Additionally, small and loosely connected youth groups with strong Islamic revivalist tendencies can be found. They are against not only elections but every idea and political system they perceive as ‘from the West’. They, like the Hizb ut-Tahrir members, thrive among youths who place great value on education, but they differ in their priorities. They entertain a deep nostalgia for the return to the ‘true Islam’ of the era of the prophet and the few of his immediate successors. They draw inspiration from a wide range of literature, often on radical social and political reform, including works by two of the most prominent Islamist thinkers of the twentieth century, the Egyptian Muslim Brotherhood’s ideologue Sayyid Qutb and the founder of Jamaat-e Islami in the Indian subcontinent, Abul A’la Mawdudi. For these youths, democratic elections are part of jahiliyya (paganism) and against Allah’s hakimiyya, the rightful sovereignty and rule of God, although votes can be used to take over a government and then change the ‘evil system’. As one Kabul-based youth, who said that he was unaffiliated with a particular Islamist group, told AAN:
In democracy, people do not only vote to choose their leader, but also to change laws. In Islam, the supreme source of legislation is Allah and men cannot be lawmakers, as in democracy. Also, in electing a leader, the votes of all people regardless of their piety and understanding of religion are considered equal. However, with the majority of people in Muslim societies, impious and ignorant of Islam, we cannot wager on elections to choose the right person. So, democracy is essentially in contradiction with Islam and challenges the sovereignty of Allah.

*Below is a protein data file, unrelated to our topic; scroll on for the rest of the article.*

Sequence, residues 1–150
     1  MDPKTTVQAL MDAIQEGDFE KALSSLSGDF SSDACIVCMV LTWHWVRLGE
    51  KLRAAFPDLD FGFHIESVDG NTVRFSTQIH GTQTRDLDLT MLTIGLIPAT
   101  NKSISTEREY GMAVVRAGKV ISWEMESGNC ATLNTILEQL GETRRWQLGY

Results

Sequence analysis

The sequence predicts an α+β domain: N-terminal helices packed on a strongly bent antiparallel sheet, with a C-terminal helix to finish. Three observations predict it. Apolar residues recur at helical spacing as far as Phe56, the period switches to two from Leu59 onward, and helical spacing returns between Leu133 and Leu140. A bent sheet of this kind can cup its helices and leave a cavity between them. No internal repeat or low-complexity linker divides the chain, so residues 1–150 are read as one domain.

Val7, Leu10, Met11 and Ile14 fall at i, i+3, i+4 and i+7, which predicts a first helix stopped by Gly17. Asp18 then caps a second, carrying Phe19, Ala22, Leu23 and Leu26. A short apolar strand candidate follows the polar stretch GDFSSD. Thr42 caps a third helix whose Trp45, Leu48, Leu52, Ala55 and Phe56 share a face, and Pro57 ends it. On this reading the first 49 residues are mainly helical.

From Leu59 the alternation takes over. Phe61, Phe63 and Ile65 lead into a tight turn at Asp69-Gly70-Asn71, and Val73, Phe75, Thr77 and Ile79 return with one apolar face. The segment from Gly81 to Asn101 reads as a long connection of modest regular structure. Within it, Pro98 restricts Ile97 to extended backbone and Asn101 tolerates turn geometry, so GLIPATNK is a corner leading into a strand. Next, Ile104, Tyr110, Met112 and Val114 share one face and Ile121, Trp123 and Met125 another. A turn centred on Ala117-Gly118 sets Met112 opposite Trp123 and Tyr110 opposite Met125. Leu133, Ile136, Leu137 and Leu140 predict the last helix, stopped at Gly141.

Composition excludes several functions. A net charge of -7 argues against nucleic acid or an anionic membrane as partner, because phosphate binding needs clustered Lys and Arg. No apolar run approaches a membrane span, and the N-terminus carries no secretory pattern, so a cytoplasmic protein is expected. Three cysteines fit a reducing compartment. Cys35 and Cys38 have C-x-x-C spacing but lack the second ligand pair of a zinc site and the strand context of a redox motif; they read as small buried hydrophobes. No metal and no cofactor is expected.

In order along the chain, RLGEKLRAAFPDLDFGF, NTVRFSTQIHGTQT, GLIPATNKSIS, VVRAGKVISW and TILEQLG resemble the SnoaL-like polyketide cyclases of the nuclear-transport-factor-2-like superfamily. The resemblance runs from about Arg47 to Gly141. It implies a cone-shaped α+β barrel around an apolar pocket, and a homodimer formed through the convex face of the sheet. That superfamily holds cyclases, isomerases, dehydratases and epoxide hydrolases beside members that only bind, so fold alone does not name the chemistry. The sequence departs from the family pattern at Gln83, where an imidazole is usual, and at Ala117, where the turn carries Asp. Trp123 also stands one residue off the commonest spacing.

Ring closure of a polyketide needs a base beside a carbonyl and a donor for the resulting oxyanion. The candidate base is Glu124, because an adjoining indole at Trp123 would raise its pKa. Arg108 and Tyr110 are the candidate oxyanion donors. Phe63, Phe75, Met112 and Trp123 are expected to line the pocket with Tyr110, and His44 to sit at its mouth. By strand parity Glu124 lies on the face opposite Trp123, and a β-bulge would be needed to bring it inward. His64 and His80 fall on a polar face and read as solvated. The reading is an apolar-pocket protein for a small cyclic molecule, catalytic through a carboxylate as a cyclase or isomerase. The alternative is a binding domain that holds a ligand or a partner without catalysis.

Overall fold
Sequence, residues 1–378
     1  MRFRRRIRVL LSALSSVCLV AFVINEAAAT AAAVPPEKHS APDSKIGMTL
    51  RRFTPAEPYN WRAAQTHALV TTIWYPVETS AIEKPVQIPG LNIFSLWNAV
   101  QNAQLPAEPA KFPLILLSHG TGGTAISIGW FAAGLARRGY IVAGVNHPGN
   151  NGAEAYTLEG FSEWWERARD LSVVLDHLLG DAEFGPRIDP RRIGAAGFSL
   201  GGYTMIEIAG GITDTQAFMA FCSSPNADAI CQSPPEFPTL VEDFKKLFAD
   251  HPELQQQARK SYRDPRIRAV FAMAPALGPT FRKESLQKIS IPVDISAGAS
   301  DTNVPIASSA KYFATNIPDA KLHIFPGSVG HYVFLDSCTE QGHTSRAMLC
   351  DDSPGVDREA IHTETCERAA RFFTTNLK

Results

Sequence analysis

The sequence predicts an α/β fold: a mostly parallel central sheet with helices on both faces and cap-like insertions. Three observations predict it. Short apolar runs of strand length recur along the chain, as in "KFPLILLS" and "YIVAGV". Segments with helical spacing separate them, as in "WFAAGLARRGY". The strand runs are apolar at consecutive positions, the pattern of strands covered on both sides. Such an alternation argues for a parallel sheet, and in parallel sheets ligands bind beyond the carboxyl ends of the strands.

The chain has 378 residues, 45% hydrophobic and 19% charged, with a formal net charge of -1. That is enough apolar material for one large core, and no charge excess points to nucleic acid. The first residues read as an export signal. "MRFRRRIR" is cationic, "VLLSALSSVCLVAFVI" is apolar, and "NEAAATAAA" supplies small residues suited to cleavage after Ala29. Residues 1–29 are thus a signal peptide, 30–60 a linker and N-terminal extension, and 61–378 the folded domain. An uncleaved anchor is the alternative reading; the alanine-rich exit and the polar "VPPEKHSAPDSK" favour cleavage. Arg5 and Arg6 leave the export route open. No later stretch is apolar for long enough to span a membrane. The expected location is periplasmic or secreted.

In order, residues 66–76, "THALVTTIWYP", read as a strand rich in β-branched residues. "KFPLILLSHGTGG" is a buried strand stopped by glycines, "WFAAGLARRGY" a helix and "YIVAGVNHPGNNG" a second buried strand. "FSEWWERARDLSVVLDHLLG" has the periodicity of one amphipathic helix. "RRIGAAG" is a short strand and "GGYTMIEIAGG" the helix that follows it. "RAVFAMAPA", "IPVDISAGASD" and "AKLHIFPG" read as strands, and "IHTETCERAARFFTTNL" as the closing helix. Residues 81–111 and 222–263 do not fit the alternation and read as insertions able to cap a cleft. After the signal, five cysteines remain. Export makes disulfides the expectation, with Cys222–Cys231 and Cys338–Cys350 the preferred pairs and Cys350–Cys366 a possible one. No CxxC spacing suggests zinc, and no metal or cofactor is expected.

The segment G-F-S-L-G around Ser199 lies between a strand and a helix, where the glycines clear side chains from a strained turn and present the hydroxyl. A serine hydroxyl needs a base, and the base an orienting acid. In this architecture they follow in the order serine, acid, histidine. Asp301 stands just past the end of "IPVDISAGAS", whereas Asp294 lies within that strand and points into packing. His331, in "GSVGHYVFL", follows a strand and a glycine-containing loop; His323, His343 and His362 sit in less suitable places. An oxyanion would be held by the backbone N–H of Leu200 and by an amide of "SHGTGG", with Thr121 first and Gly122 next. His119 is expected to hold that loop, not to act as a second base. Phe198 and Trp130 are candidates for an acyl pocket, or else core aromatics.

For some of these revivalists, the ousting of Egypt’s former Islamist president Muhammad Morsi last June represents divine proof of the ungodliness of pursuing democratic means to rule, as put by a young preacher in Herat (more about the reactions of Afghan Islamists to Morsi’s ouster here).
On the other hand, one of the biggest and most disciplined Islamist organisations, Jamiat-e Eslah (the Afghan version of the Muslim Brotherhood), does say it has faith in electoral politics in general; however, it does not support this election, because the country is still ‘occupied’ and war is continuing, making free and fair elections impossible. It has reportedly found vocal sceptics of elections among its young followers after Morsi’s fall.
On the whole, while electoral politics are still received sceptically among the religiously conscious Afghan youth, adamant anti-election rhetoric exists only among a small, but apparently growing minority, like Hizb ut-Tahrir. These sceptics might need time and exposure to democratic experiences better than the ones so far witnessed in Afghanistan to come to terms with democracy. Yet, ideological rejectionists will always have an appeal among those young religious activists who shun anything they perceive as ‘Western’ and continue to entertain their nostalgia for a ‘purely’ Islamic political order.
(1) For a comprehensive history and definition of Salafism, have a look here at this chapter on Salafis in the Princeton Encyclopedia of Islamic Political Thought (Princeton University Press 2013).
This article was last updated on 9 Mar 2020